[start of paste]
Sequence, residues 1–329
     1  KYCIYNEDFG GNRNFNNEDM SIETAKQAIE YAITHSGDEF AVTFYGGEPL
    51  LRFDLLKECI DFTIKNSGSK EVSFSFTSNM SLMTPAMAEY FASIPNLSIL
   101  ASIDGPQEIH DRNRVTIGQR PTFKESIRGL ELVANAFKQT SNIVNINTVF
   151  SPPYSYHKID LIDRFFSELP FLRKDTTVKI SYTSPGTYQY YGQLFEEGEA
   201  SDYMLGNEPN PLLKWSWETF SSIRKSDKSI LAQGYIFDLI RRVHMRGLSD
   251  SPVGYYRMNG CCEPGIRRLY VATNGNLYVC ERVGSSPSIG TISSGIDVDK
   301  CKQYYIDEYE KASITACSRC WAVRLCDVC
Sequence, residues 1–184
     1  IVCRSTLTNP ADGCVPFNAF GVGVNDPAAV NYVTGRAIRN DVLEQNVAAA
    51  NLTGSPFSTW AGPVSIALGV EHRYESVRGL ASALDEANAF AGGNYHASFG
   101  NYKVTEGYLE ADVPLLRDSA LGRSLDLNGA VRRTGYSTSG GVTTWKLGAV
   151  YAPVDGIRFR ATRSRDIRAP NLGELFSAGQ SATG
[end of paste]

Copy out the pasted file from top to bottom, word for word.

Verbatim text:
Sequence, residues 1–329
     1  KYCIYNEDFG GNRNFNNEDM SIETAKQAIE YAITHSGDEF AVTFYGGEPL
    51  LRFDLLKECI DFTIKNSGSK EVSFSFTSNM SLMTPAMAEY FASIPNLSIL
   101  ASIDGPQEIH DRNRVTIGQR PTFKESIRGL ELVANAFKQT SNIVNINTVF
   151  SPPYSYHKID LIDRFFSELP FLRKDTTVKI SYTSPGTYQY YGQLFEEGEA
   201  SDYMLGNEPN PLLKWSWETF SSIRKSDKSI LAQGYIFDLI RRVHMRGLSD
   251  SPVGYYRMNG CCEPGIRRLY VATNGNLYVC ERVGSSPSIG TISSGIDVDK
   301  CKQYYIDEYE KASITACSRC WAVRLCDVC
Sequence, residues 1–184
     1  IVCRSTLTNP ADGCVPFNAF GVGVNDPAAV NYVTGRAIRN DVLEQNVAAA
    51  NLTGSPFSTW AGPVSIALGV EHRYESVRGL ASALDEANAF AGGNYHASFG
   101  NYKVTEGYLE ADVPLLRDSA LGRSLDLNGA VRRTGYSTSG GVTTWKLGAV
   151  YAPVDGIRFR ATRSRDIRAP NLGELFSAGQ SATG